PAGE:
Constance Thompson manages diversity recruitment for nonacademic staff at Cornell University in upstate New York. She notes that the school's mission, to "educate the leaders of tomorrow and extend the frontiers of knowledge," requires technical support from a host of IT and engineering specialists in areas like software, programming, development and facilities engineering.
"IT for a major research and teaching university is just mind-boggling," Thompson continues. "We're faced with many different kinds of demands, depending on what's needed."
Cornell has a VP for IT who's responsible for administrative systems, security, technology infrastructure, network and communication services, systems and operations, and more. The current IT VP, Thompson notes, is a woman.
Each of Cornell's fourteen colleges and administrative units has its own director of IT. This decentralized structure allows more freedom to meet the individual IT needs of each unit, and supports the academic freedom most universities pride themselves on.
The university hires software developers, programmers, engineers and people with expertise in consulting, advising, implementation and project management. "Our IT needs parallel those of many corporations," Thompson explains. "We need to be able to customize and implement off-the-shelf solutions, which means we need to hire IT pros who understand the technology and can also connect to end users."
Besides IT, areas of growth include biomedical engineering, nanotechnology, technology transfer, finance and financial systems.
Cornell has strong Asian, Latino, African American and LGBT communities and has seen a rise in minority staff since 2000. Thompson notes that the university's diversity initiative actually began with the students. "They were looking around and saying, 'You guys don't look like us.'"
The school's 2005 student population was about 69 percent white, 18 percent Asian, Hawaiian and Pacific Islander, 6 percent Hispanic, 5 percent African American, and 2 percent Native American. Last year's staff demographics came out to 59 percent women, 92 percent white, 3 percent African American, 2 percent Asian/Pacific Islander, 1 percent Hispanic and .1 percent Native American/Alaskan Native.
Of the Cornell faculty, 86 percent are white, 3 percent African American, 2 percent Hispanic, 7 percent Asian/Pacific Islander, and .4 percent Native American/Alaskan Native
The 2005 numbers represent significant growth in Asian/Pacific Islander and Hispanic staff and faculty since 2000. "That's been very encouraging for us," says Thompson.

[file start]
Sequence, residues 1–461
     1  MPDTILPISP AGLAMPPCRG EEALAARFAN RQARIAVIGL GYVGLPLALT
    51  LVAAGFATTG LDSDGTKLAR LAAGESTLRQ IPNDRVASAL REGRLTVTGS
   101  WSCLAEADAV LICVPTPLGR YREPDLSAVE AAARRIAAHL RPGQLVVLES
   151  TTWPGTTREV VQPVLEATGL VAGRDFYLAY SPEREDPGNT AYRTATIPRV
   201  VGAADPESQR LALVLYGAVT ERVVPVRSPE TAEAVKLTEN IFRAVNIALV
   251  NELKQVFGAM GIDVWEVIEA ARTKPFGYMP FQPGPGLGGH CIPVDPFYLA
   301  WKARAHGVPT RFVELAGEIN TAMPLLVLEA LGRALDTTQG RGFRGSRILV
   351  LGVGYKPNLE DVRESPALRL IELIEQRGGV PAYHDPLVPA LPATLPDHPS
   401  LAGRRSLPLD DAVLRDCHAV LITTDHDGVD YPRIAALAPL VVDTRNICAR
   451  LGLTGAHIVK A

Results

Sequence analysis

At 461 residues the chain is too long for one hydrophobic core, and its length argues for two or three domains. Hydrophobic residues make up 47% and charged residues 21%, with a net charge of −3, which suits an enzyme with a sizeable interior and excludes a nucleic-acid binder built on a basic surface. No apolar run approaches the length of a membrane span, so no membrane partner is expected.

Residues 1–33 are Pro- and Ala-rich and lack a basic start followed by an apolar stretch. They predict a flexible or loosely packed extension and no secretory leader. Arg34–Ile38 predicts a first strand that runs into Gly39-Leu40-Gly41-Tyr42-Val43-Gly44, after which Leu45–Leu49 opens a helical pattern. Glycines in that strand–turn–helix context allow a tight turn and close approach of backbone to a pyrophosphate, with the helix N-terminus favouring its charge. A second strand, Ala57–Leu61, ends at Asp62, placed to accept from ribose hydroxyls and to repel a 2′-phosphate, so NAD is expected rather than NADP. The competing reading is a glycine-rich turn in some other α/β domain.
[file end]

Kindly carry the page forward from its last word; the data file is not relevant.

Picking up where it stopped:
The university is working to increase the proportion of underrepresented populations on its staff. Affirmative action representatives help analyze each university unit's figures, then offer resources to help improve the situation.
One encouraging development is the Cornell Recruitment Partnership that connects Cornell's nonacademic staff recruiters with diversity-focused community organizations. The partnership includes groups like the Ithaca Asian American Association, the Latino Civic Association, the Women's Opportunity Center, the historic Southside Community and Greater Ithaca Activities Centers, the New York State Department of Labor, Challenge Industries, the Urban League and the NAACP. Black fraternities and sororities are also involved in the partnership, including Alpha Phi Alpha, which was founded at Cornell a hundred years ago.
Staff recruiters and supervisors have received diversity recruitment training, and Thompson has established a "recruiter roundtable" to foster communication and standardize recruitment practices in the decentralized university environment. "We've done a lot but we have much farther to go," she says.
Retention is another important goal for the school. For example, there are monthly roundtable discussions and university-sponsored social and community programs for all university employees. Cornell's work and family advisory council, made up of staff, faculty and interested students, looks at many needs and challenges. The school is investigating near-site childcare arrangements. Religious accommodations are made when needed, and flex-time is available.
The campus has a disability services office for students and staff, and is the home of the Employment and Disability Institute, a research and technical assistance center.
"We try to make our decisions based on the greater need and the greater good," Thompson explains.
||2,630 faculty, 8,570 staff
||Private research university with fourteen graduate and undergraduate colleges and schools